Christopher Christopher - 1 year ago 111
Bash Question

Awk pattern always matches last record?

I'm in the process of switching from zsh to bash, and I need to produce a bash script that can remove duplicate entries in

without reordering the entries (thus no
sort -d
magic). zsh has some nice array handling shortcuts that made it easy to do this efficiently, but I'm not aware of such shortcuts in bash. I came across this answer which has gotten me 90% of the way there, but there is a small problem that I would like to understand better. It appears that when I run that awk command, the last record processed incorrectly matches the pattern.

$ awk 'BEGIN{RS=ORS=":"}!a[$0]++' <<<"aa:bb:cc:aa:bb:cc"
$ awk 'BEGIN{RS=ORS=":"}!a[$0]++' <<<"aa:bb:cc:aa:bb"
$ awk 'BEGIN{RS=ORS=":"}!a[$0]++' <<<"aa:bb:cc:aa:bb:cc:" # note trailing colon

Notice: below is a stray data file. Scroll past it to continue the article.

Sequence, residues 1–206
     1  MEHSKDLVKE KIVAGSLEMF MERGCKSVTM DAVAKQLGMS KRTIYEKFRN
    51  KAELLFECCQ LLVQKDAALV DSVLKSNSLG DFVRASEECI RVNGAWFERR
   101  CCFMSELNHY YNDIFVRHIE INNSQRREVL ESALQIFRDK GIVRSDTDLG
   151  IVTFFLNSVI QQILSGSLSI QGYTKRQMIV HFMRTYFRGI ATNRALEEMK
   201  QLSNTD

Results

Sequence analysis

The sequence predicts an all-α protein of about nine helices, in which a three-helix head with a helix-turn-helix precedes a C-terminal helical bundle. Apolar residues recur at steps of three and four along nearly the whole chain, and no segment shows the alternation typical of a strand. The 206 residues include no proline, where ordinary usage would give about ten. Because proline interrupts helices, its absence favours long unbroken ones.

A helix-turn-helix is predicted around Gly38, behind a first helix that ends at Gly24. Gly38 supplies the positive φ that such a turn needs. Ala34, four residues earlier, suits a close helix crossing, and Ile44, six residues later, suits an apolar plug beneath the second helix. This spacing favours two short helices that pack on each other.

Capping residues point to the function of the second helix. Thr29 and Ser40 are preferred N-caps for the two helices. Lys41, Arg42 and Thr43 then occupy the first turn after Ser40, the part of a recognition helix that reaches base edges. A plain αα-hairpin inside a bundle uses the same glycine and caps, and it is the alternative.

I don't understand awk well enough to know why it behaves this way, but I have managed to work around the issue by using an intermediate array like so.

array=($(awk 'BEGIN{RS=":";ORS=" "}!a[$0]++' <<<"aa:bb:cc:aa:bb:cc:"))
# Use a subshell to avoid modifying $IFS in current context
echo $(export IFS=":"; echo "${array[*]}")

This seems like a sub-optimal solution however, so my question is: did I do something wrong in the awk command that is causing false positive matches on the final record processed?

Answer Source

The last record in your original string is cc\n which is different from cc. When unsure what's happening in any program in any language, adding some print statements is step 1 to debugging/investigating:

$ awk 'BEGIN{RS=ORS=":"} {print "<"$0">"}' <<<"aa:bb:cc:aa:bb:cc"

If you want the RS to be : or \n then just state that (with GNU awk at least):

$ awk 'BEGIN{RS="[:\n]"; ORS=":"} !a[$0]++' <<<"aa:bb:cc:aa:bb:cc"

The $ in all of the above is my prompt.

Recommended from our users: Dynamic Network Monitoring from WhatsUp Gold from IPSwitch. Free Download